What Does the Term "Frozen" Mean in the Stock Market?

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A trader works on the floor of the New York Stock Exchange
A trader works on the floor of the New York Stock Exchange (Image: Andrew Burton/Getty Images News/Getty Images)

The meaning of the term frozen in the field of finance may differ slightly from one scenario to the next. In general, freezing an account, funds or a whole market is equivalent to immobilizing it in order to correct a temporary situation. Freezing makes transactions impossible for a certain period of time. There are many reasons why it might be necessary to freeze a financial entity.

Violations of Financial Regulations

Financial authorities can freeze a stockholder’s account for a variety of reasons. For example, a customer’s account can be frozen if she violates federal regulations by not paying the investment within a certain time period. In another case that occurred at the end of 2006, the account of a Russian hacker was suspended. This man had obtained names and passwords of other stockholders in order to access their accounts and falsely increase values. Afterwards, he sold his own stocks to obtain significant profits.

Restricted Shares

Restricted shares are stocks that the company reserves for human resources compensation plans. These securities are often assigned to employees as stock options. Under this plan, the employee will never be the stock owner; instead, he will be able to take the benefits if the assigned shares increase in value. Firms freeze restricted stocks so that public investors can’t purchase them. Furthermore, companies often take a number of stocks as their own and freeze them so other firms can’t buy them.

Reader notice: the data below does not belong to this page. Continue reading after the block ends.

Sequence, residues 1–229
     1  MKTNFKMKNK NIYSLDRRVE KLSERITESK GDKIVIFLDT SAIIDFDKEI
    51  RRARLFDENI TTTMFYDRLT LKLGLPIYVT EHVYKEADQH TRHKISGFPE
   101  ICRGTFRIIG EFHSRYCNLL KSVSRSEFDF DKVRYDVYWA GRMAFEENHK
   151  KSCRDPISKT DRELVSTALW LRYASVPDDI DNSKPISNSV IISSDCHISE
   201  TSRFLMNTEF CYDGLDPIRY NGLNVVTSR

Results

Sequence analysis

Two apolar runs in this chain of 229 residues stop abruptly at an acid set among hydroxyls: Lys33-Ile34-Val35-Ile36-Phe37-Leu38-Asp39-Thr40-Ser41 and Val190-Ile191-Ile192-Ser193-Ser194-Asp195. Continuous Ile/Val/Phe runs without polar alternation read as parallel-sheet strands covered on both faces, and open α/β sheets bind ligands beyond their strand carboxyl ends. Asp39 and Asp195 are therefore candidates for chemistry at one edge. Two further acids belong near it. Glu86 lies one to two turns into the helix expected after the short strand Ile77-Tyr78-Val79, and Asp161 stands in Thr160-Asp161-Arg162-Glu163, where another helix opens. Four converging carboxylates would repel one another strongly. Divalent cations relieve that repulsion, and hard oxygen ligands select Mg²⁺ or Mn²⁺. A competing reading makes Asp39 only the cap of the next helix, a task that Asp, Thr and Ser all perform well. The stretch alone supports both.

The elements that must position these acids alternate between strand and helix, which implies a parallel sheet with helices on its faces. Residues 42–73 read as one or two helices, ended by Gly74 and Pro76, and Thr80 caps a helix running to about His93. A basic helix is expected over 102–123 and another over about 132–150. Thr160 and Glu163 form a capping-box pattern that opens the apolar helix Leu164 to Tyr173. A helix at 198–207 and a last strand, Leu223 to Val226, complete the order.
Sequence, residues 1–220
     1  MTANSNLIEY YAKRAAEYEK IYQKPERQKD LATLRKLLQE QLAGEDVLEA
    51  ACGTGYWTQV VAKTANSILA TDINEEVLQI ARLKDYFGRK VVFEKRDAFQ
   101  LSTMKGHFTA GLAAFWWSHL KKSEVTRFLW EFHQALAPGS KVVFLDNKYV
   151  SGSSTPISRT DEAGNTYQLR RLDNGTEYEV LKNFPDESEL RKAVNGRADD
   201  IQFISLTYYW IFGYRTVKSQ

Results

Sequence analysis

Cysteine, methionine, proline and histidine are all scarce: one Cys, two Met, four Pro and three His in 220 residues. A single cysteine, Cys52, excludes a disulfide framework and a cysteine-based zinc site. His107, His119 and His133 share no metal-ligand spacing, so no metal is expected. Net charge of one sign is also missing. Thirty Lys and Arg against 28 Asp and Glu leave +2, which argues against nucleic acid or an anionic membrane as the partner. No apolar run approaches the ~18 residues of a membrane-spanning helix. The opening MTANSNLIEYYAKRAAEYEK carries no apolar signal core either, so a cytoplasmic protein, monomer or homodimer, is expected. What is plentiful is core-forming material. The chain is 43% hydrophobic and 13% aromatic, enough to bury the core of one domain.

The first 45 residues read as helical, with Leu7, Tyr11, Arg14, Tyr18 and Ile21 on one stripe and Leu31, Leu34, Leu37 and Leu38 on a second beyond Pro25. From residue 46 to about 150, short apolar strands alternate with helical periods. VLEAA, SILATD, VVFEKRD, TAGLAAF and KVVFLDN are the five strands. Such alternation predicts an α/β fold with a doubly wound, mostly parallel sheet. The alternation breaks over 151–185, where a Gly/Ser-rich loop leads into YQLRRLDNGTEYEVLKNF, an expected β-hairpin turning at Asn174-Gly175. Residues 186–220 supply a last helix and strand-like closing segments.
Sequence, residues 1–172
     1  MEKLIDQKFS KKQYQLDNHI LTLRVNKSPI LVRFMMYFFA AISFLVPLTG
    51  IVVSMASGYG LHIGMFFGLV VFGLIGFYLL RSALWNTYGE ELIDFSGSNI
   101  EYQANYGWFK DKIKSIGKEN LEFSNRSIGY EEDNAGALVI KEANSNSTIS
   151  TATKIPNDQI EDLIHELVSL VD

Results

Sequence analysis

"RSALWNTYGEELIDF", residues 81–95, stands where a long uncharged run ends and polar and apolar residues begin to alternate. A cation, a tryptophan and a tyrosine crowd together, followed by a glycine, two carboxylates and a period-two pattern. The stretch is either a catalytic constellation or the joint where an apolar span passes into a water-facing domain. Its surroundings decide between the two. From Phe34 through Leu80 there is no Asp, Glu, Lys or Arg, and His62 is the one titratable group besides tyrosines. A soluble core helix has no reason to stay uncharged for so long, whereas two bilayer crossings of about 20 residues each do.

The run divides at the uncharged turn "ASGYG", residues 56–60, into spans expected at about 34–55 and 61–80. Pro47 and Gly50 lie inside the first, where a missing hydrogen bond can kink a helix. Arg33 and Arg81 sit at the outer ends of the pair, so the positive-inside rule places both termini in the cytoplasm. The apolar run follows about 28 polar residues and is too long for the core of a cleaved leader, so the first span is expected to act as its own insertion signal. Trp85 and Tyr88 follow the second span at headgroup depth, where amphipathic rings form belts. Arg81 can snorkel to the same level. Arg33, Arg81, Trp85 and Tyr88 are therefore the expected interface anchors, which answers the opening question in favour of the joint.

Technical Problems

Regulatory authorities can decide to freeze an entire market to stop transactions if they lack the conditions to run them. In 2005, for instance, two major telecom outages, one of them caused by rats chewing through cable insulation, caused a 5-hour shutdown of the New Zealand Stock Exchange. Power outages and software bugs have shut down the Moscoa, London, and Tokyo exchanges, and the terrorist attack of September 11, 2001 caused the freezing of all activity on the New York Stock Exchange for four business days.

Political, Social, and Other Causes

Certain critical situations may also call for freezing a market. The terrorist attack on New York City on September 11, 2001 was one such circumstance, and caused the freezing of all activity on the New York Stock Exchange for four business days. In late December 2001, in response to the grave financial crisis and the popular reaction against the government, Argentine political authorities froze the stock market and stopped the activities of banks and currency exchanges for several days. Additionally, stocks of a specific firm may sometimes be restricted to avoid speculation. This is common when a corporation acquires a company by buying all of its stock. The process produces a variation of prices that may be manipulated investors to obtain high profits.

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